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UNITED STATES FAR BEHIND ASIA IN SMART CARD USAGE.

One conclusion is crystal clear to Smart Card and Security expert, Dr. John Butterworth -- the Asia-Pacific region is far outpacing the United States in smart card usage. Furthermore, as the U.S. lags behind in smart card deployments, a number of Asian countries and corporations will lead the market with new smart card and security innovations that solve a myriad of domestic ID, security, commerce and transportation challenges.

According to Dr. John Butterworth, Chief Scientist at Security Sciences International (SSI), as the U.S. faces increasing security concerns, the technology is available today to eliminate many of these security issues. However, Asian government agencies, corporations and end-users have shown a greater willingness to adopt smart card technologies than their counterparts in the U.S. Countries such as The Philippines, with its advanced smart card-based drivers license system, and Taiwan, where advanced smart cards are being used at Starbucks locations, show that the technology is ready for prime time. Dr. Butterworth will be demonstrating further examples of innovative smart card solutions in Asia during the Smart Cards 2002 conference, June 5-8 in Beijing.

"The United States will trail Asia in smart cards for at least 10 years, unless dramatic action is taken," said Dr. Butterworth. "As recent implementations have demonstrated, multi-application smart cards provide an unparalleled degree of flexibility and security. However, the U.S. market is plagued with customer and vendor misconceptions about the cost-benefits and unbreakable security technologies inherent in smart card designs."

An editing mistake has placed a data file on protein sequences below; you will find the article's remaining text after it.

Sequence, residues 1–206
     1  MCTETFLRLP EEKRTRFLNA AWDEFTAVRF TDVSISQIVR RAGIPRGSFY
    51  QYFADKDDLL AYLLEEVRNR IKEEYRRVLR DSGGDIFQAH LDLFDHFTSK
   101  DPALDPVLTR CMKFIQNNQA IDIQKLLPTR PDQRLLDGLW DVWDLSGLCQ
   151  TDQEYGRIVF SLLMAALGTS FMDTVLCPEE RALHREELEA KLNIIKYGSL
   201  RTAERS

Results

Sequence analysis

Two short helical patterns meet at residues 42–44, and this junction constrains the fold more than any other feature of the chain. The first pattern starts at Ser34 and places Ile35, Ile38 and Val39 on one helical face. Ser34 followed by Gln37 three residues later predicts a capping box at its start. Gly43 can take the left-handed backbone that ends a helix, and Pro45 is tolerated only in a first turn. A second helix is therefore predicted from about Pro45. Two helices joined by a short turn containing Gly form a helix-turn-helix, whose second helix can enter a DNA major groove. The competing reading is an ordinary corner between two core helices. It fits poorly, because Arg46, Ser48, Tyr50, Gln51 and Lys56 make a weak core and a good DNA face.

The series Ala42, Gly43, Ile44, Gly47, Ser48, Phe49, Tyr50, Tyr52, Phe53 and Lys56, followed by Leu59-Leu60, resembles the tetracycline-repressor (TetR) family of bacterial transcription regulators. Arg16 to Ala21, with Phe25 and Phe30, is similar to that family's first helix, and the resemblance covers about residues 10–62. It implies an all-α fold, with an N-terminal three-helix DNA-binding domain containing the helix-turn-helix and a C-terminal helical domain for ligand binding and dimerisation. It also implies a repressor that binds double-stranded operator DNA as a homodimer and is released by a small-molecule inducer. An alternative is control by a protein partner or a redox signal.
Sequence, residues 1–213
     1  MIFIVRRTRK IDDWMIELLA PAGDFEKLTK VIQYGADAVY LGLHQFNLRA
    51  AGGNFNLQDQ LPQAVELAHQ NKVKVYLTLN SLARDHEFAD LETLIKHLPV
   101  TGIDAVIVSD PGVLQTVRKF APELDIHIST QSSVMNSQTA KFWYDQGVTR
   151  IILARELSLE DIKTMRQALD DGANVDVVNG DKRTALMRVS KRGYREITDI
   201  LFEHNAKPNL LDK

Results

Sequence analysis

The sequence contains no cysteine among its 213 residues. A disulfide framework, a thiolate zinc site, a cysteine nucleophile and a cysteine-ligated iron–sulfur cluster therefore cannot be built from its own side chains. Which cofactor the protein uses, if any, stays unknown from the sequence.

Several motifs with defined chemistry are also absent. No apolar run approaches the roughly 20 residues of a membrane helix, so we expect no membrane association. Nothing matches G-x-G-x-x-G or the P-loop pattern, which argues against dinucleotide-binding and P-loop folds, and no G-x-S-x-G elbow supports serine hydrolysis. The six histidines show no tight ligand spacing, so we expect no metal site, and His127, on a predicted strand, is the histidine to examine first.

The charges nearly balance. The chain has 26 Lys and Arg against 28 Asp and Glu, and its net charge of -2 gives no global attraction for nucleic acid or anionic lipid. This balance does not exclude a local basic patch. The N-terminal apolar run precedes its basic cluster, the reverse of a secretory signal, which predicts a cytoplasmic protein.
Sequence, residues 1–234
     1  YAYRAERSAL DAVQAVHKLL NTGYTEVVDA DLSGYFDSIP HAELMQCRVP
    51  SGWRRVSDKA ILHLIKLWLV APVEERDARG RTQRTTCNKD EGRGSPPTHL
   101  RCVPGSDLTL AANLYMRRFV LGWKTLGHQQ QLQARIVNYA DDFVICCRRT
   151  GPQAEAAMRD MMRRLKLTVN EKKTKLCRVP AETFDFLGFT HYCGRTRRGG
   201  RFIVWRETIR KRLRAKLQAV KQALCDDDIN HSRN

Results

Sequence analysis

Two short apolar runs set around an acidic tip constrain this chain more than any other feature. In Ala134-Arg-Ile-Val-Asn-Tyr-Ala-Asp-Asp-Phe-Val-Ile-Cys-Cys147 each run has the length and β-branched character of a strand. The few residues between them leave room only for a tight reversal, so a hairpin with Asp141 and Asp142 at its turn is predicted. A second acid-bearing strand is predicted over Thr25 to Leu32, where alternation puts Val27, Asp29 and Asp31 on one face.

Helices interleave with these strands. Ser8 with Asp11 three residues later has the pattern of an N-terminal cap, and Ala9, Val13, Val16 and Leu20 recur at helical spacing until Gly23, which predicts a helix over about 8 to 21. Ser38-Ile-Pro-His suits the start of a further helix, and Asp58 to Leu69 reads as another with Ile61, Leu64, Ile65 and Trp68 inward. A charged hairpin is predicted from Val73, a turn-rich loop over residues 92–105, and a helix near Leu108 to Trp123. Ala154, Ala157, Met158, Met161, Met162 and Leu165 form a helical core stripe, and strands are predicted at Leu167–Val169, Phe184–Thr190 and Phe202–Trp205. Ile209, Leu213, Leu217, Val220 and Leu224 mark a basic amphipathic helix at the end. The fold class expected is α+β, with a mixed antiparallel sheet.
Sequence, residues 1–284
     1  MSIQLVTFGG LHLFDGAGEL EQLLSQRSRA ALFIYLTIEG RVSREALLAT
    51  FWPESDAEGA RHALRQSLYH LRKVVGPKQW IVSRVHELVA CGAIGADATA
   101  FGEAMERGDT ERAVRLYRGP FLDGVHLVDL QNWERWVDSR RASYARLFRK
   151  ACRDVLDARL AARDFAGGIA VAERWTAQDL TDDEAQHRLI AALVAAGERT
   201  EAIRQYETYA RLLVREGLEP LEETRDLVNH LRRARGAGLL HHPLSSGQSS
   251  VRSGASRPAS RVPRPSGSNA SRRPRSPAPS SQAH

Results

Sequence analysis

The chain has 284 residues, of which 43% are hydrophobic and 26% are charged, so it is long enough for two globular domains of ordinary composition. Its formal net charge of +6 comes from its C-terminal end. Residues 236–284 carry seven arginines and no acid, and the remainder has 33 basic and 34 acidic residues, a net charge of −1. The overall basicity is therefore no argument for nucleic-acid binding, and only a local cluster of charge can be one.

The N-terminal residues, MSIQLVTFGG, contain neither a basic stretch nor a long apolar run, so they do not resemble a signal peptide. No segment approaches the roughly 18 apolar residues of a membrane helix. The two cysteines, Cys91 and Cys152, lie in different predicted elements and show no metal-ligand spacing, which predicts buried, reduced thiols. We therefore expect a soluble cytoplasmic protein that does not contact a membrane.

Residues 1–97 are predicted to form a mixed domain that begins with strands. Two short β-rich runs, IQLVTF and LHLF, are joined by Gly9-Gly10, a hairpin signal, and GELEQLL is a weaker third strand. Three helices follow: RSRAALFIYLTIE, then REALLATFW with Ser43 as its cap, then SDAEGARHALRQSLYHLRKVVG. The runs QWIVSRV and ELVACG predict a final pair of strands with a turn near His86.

The number of industries in Asia now taking advantage of smart card technologies continues to increase. One example of how smart cards are solving identification concerns in Asia can be found in the Philippines. Working with the Strategic Alliance Development Corporation, Dr. Butterworth led the implementation of a new smart card-based drivers' license system.

All new smart card-based drivers' licenses in the Philippines now include the driver's name and address, as well as digital copies of a fingerprint, photo image, previous driving offenses, and total points on their record. This information is securely stored in an unbreakable electronic format on each card. Since 2000, more than 22 million new smart card drivers' licenses have been issued in the Philippines, which has already driven down license fraud, and has streamlined the process of managing data of all driving records and offenses.

In Taiwan, Dr. Butterworth helped launch a smart card loyalty e-purse system for Starbucks, where the customer receives a 20-percent discount on purchases through a stored-value card at Starbucks locations. The system also allows the user to track loyalty points and make purchases through the Internet, increasing loyalty among Starbucks patrons and providing the company with more opportunities to interact with its customers.

Singapore, China, and South Korea have all implemented smart card transportation systems that can be used on trains, buses, or subways. The user simply touches the card to a reader, and the fare is automatically deducted from the card. These smart card systems have increased transportation revenue by 40-percent, reduced the number of inspectors required, and curtailed fare fraud.

Dr. Butterworth will offer further insight into smart card adoption at Smart Cards China 2002, June 5-8 in Beijing. He will be speaking on Biometric Technology and how it can benefit smart card implementations.
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Comment:UNITED STATES FAR BEHIND ASIA IN SMART CARD USAGE.
Publication:EDP Weekly's IT Monitor
Geographic Code:1USA
Date:May 27, 2002
Words:540
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